Going to the Doctor as a Transgender Patient

For many people and for a variety of reasons, talking to one’s doctor can be a stressful experience. But for transgender patients in America, talking to medical professionals can be not only stressful but traumatic. Trans individuals are often refused services, asked uncomfortable questions about their genitalia, and called by their “dead” name (the name they were given at birth) when they visit their doctor. These negative experiences have damaging consequences to the mental health of trans patients and can lead to post-traumatic stress disorder (PTSD), depression, and even suicide.

It’s vitally important for trans people to get the healthcare they need while being treated fairly and with respect. As history shows us, discrimination against trans people in medical offices and hospitals occurs on a daily basis. However, many of these people are standing up for themselves and taking action so other trans patients don’t have to suffer through the same ordeal in the future.

Refused Service

In 2016 a transmasculine teen in rural Georgia was repeatedly and intentionally misgendered by his doctor while being given his testosterone injection. A week later his medical provider called to inform him there would no longer be staff available to give him his injections and that he should try a different clinic nearby. According to Georgia state law the clinic’s refusal is legal; the teen had to travel to Atlanta to receive treatment.

This teen is not alone in his struggle to access appropriate healthcare. A report released by Human Rights Watch in July documented the high rates of discrimination transgender patients face when trying to access care. The report found that 29 percent of trans individuals reported to have an experience in which a provider refused to see them because of their gender identity, and 21 percent of trans patients said a provider used discriminatory language toward them.

In January the Trump administration unveiled the creation of a religious freedom division within the US Department of Health and Human Services, which will defend and support healthcare providers who refuse service on the basis of their religious and moral beliefs. With this in place, doctors can refuse service to trans people purely on the basis of religious liberty, and it’s completely legal to do so.

Asked Uncomfortable Questions and Called by Their “Dead” Name

When seeking medical care, transgender patients are often asked intrusive and unnecessary questions about themselves and their body. Tanya Walker, a fifty-three-year-old trans woman, said doctors repeatedly asked questions about her genitals while she coughed up blood from lung cancer. “It seemed like they weren’t going to treat me unless I told them what genitals I had,” Walker said about her 2013 experience.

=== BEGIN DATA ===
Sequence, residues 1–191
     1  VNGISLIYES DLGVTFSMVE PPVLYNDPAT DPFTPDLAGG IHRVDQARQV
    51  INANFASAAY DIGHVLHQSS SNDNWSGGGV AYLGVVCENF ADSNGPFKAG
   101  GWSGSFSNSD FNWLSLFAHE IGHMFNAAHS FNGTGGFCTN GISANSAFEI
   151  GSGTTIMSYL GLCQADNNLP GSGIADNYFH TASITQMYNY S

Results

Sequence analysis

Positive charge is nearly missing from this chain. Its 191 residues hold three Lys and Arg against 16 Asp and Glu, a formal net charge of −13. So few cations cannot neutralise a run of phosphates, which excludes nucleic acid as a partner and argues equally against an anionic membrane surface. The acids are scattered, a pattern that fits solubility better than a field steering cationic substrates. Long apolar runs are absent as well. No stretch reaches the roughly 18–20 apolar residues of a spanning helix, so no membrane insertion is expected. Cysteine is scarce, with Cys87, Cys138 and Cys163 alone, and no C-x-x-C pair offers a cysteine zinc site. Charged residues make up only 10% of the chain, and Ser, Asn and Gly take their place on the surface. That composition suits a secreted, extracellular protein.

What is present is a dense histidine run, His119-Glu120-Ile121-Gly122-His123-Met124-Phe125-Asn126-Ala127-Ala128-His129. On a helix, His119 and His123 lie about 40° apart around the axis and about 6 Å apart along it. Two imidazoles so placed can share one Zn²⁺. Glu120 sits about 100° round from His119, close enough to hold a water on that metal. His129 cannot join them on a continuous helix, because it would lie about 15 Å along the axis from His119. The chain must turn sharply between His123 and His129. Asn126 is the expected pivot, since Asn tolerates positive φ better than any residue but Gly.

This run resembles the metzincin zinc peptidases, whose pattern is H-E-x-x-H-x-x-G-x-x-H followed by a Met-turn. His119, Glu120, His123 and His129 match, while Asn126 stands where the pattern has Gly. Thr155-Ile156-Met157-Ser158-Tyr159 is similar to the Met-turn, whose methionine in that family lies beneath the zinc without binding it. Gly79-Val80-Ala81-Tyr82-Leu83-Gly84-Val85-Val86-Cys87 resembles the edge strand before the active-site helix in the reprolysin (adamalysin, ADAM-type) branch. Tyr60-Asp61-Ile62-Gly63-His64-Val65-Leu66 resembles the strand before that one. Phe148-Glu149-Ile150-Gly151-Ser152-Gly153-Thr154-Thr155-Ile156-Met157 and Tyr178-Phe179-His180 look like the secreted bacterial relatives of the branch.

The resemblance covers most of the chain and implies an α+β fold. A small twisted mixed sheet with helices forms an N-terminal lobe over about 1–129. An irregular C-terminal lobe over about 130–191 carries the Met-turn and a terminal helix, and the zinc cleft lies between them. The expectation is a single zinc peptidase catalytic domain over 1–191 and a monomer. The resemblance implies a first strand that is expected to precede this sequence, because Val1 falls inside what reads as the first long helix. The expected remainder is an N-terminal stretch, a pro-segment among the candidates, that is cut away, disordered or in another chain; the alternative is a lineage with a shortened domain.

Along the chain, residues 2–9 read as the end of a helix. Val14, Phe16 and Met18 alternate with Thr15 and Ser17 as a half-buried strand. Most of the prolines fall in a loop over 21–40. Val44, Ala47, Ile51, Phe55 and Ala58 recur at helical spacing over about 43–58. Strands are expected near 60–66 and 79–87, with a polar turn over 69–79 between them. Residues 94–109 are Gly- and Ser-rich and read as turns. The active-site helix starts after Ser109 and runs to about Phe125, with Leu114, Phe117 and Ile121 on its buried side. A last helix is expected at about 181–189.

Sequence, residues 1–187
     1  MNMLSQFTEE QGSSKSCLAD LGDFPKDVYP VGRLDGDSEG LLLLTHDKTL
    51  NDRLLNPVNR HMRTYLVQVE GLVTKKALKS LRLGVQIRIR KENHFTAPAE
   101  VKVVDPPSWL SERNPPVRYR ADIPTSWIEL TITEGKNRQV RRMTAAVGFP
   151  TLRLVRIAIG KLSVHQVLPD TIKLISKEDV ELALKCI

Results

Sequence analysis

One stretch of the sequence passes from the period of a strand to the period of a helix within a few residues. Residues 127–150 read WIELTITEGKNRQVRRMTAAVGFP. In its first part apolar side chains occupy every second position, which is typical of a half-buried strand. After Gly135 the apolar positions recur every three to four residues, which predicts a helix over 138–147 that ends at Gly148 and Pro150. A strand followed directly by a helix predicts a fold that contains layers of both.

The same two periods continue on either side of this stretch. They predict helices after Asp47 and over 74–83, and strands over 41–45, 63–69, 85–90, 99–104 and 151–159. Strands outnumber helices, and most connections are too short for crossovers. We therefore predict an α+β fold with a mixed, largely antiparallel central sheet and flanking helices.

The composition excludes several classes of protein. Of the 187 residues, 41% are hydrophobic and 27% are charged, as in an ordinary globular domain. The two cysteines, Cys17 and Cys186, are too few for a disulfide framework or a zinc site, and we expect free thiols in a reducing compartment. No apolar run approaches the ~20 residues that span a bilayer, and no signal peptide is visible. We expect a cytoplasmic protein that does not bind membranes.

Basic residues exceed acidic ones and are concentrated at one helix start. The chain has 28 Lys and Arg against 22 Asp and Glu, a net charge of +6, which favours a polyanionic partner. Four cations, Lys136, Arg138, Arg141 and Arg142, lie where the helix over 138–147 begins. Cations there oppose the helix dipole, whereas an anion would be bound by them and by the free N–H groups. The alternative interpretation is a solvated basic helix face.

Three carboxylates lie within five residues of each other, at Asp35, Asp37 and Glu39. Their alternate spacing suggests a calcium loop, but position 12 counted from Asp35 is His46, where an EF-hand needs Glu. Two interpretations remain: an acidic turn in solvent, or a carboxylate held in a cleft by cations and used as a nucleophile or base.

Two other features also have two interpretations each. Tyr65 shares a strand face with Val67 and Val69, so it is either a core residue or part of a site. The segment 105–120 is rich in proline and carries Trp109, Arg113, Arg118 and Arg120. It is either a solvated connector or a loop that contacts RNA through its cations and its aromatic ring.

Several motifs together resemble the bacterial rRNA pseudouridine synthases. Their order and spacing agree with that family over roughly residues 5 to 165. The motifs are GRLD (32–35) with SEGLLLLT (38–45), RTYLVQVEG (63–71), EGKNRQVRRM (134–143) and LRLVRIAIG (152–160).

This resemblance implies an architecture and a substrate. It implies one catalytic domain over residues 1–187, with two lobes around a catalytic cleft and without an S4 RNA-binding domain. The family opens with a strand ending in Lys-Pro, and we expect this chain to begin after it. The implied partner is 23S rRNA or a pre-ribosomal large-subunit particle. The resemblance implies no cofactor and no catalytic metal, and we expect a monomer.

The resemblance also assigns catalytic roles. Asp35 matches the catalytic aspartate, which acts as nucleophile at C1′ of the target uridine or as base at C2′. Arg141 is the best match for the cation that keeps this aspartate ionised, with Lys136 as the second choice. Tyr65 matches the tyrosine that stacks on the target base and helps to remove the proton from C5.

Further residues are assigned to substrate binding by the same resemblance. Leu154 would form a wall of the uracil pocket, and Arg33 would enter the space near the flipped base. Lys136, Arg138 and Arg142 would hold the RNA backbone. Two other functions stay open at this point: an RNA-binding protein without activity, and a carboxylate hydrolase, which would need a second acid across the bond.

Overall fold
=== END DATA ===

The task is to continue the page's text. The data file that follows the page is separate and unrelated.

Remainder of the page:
In addition to being asked inappropriate questions, trans patients are often referred to by their dead name by medical providers. Even when they have the right paperwork, doctors still actively misgender trans patients without acknowledging their mistake.

For many of these patients, going to the doctor is simply too stressful, and they refuse to go. According to a 2016 paper in Current Opinion in Endocrinology & Diabetes and Obesity, 30 percent of transgender patients report delaying or not seeking care because of discrimination, and they are four times more likely to delay needed care.

Steady Improvements

Research by the University of Cincinnati’s School of Nursing found that communication between patients and their doctor or nurse is one of the main factors contributing to patient satisfaction. Trans patients are at an increased risk of poor communication with their medical care provider. Thankfully, some steps are being taken to ensure an educated and respectful healthcare environment.

There are several recently launched programs helping medical students become better prepared to treat trans patients. The University of Louisville in Kentucky, created a medical program in 2015 called the eQuality Project, which trains students in common healthcare treatments for transgender and gender non-conforming individuals. Students learn about transgender terminology and LGBTQ patient care at Case Western Reserve in Ohio, and New York’s Mount Sinai Hospital offers fellowships in transgender care at their Center for Transgender Medicine and Surgery.

These programs signal a hopeful future toward better and more accessible healthcare options for transgender patients, who, like everyone, deserve equality, fairness, and dignity when seeking medical care and treatment.